Still, a large part of the speech was pointed in another direction, one that tends to be overlooked, but the importance of which should not be underestimated. The theme that Mr. Alarcón devoted a substantial amount of attention was directed to the legitimation of the structure of the Cuban state government as legitimate and democratic. Citing Enlightenment theorists, and particularly Jean Jacques Rousseau, with whose works Mr. Alarcón is particularly familiar, Mr. Alarcón attempted an elegant defense of the democratic fundamentals of the Cuban state and political apparatus as a more successful application of democratic ideals. He contrasted that constructed application to notions of representative democracy represented, in their highest forms, by nations like the United States. He suggested that Republics built on delegations of authority, that is that are grounded on republican ideals, are ultimately incapable of realizing the institution of democratic states. This is an old old debate. Its origins go back to the conceptual differences between Athenian democracy and Roman state structure. It touches on the meaning of democracy and the nature and character of political citizenship within a state. Mr. Alarcón, of course, is right to point out the difference between states grounded in democratic ideals of the Athenian sort and states constructed on the basis of the democratic ideals of the Roman Republic. And Americans fussing with the integrity of their own state structure ought to remember those differences in the defense of the integrity of and fidelity to the republican ideals on which the American state has been built and which define the legitimate and fundamental values of American democratic state organization. All the same, Mr. Alarcón's main point is worth considering--that states may be constructed on the basis of democratic principles that may vary in their notion of the character of political rights of citizenship and yet retain their fundamental character as democratic. This is a point that has been advanced in the development of Chinese constitutional theory. See Larry Catá Backer, The Party as Polity, the Communist Party, and the Chinese Constitutional State: A Theory of State-Party Constitutionalism (January 10, 2009) Journal of Chinese and Comparative Law, Vol. 16, No. 1, 2009. On the other hand, Mr. Alarcón takes the argument too far when in the defense of the legitimacy of the democratic foundations of Marxist Leninist mass movement states he seeks to attack the democratic legitimacy of other forms of state structures, particularly those of republican systems like the United States. A focus on a construction of arguments for democratic legitimacy of one's own state structure might be more valuable than efforts to achieve the same result by a comparativist construction whose premises are more questionable as a matter of theory, history, national context, and especially the principle points of the otherwise substantial theoretical points propounded.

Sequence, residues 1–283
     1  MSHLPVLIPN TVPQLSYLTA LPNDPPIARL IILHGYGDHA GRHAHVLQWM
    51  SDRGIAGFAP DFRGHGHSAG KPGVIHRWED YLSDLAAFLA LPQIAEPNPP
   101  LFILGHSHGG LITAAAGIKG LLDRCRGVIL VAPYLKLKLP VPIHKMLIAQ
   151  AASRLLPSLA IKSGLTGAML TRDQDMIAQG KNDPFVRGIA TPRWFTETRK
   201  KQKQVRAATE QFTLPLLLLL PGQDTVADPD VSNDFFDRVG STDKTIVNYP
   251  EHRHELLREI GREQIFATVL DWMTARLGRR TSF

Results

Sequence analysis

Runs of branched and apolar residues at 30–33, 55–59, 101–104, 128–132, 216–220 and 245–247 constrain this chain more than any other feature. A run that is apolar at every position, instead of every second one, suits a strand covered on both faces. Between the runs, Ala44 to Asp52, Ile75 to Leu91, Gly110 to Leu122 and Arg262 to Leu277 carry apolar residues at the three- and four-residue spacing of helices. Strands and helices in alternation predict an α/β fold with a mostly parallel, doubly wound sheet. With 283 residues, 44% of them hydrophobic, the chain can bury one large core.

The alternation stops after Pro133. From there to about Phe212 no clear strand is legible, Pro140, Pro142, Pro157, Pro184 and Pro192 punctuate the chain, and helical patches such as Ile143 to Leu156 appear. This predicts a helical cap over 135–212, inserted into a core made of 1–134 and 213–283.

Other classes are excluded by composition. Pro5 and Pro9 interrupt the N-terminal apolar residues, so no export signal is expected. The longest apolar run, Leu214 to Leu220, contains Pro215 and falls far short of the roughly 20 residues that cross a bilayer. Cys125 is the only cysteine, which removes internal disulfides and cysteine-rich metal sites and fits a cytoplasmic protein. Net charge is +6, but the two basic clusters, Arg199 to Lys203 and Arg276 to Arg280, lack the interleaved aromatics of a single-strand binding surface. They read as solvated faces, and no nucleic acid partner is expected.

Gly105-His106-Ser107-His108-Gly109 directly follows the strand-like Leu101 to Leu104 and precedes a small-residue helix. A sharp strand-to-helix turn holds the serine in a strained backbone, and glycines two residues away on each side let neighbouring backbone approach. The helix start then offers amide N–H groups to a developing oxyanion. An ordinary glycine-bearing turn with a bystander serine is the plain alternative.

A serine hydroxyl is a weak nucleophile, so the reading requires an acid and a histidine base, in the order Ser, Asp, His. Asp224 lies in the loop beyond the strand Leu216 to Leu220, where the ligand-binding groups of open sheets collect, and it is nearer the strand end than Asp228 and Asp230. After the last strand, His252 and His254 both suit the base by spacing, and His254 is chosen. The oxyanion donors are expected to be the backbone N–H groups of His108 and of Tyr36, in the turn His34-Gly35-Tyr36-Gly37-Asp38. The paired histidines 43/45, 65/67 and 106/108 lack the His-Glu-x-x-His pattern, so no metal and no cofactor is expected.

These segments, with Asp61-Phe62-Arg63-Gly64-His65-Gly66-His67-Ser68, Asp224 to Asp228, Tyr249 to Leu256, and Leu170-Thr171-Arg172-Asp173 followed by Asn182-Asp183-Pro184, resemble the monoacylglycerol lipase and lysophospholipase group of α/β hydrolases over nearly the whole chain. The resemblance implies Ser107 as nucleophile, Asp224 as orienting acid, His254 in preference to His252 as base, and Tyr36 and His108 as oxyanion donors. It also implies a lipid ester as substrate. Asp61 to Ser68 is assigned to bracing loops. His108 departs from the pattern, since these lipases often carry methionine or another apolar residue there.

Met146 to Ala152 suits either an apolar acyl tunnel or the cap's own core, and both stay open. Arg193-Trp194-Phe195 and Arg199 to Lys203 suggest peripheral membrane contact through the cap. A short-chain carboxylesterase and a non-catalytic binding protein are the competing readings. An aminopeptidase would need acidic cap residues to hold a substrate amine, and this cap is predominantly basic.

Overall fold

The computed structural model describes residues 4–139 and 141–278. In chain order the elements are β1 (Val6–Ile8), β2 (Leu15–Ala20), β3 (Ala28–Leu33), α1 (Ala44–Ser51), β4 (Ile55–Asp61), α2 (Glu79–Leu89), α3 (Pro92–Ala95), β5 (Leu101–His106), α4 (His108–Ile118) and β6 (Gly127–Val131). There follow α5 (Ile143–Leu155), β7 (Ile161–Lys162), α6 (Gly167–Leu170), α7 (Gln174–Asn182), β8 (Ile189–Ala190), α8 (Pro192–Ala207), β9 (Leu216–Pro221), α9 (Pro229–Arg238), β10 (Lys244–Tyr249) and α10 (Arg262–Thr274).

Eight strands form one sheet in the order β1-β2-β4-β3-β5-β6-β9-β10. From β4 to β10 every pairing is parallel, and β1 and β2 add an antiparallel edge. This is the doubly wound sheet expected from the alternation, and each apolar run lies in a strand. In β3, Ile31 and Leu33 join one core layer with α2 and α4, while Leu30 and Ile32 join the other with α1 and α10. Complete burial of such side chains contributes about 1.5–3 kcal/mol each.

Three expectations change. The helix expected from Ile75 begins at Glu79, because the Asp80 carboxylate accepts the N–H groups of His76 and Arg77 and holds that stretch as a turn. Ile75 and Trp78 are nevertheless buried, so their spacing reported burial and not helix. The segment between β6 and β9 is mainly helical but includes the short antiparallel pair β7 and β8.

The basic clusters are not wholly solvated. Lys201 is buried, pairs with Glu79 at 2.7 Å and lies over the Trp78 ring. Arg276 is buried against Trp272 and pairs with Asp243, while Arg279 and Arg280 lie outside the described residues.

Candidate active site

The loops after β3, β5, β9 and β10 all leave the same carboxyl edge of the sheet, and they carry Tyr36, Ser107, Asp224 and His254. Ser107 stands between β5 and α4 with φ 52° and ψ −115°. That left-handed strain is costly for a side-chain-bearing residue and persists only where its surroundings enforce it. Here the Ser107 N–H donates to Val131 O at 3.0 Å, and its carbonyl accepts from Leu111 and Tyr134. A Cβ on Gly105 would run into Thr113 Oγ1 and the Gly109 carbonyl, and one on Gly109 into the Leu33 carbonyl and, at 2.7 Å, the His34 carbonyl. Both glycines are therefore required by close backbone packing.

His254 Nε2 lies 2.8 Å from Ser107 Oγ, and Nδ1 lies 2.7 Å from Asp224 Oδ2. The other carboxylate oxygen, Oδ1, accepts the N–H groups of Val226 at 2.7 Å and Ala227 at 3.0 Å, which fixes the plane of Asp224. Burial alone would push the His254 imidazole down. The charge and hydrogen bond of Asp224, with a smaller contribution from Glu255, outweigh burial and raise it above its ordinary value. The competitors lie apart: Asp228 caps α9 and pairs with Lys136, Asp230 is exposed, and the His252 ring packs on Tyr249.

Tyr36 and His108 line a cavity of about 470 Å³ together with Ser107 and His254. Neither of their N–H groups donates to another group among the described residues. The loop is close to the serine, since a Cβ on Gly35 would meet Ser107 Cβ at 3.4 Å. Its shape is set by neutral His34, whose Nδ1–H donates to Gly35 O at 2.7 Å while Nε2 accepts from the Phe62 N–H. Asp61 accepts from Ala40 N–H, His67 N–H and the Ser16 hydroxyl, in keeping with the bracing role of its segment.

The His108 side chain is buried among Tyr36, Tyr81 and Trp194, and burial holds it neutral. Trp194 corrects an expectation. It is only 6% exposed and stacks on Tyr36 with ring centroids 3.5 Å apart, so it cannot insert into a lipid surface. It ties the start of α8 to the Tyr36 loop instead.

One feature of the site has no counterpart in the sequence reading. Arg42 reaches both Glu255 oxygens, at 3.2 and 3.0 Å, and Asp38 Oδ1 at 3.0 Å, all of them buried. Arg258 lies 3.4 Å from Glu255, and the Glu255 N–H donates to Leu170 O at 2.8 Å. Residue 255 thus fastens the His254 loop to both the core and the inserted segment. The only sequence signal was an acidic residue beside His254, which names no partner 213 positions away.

Still, the implications are both important and ironic. A good chunk of importance goes to the Cuban project of augmenting the legitimacy of the ideological basis for the construction of the state. The Cubans have taken an alternative path to what they regard as legitimate democratic state construction. It is related to but distinct from the Chinese variant. See Larry Catá Backer, The Rule of Law, the Chinese Communist Party, and Ideological Campaigns: Sange Daibiao (the 'Three Represents'), Socialist Rule of Law, and Modern Chinese Constitutionalism, 16(1) Journal of Transnational Law and Contemporary Problems 29-102 (2006). But the irony of the stance is important as well. For any generally accepted proof of the legitimacy of the construction of a democratic state represented by the current Cuban state apparatus would appear to meet the core condition imposed under American law for the end of the American embargo. Cuban Liberty and Democratic Solidarity (Libertad) Act of 1996, Pub. L. 104-114, 110 Stat. 785. Unfortunately, that is merely the first step of a set of American conditions that includes the elimination of the Castro brothers from leadership, compensation for prior expropriations and other conditions set forth in that and other provisions. But Mr. Alarcón has made the point. The future of both the theoretical and political implications of the path Mr. Alarcón suggests will provide much grist for the mill in the coming years.

The speech was recently posted to Counterpunch: Ricardo Alarcón, The Measure of a Revolution.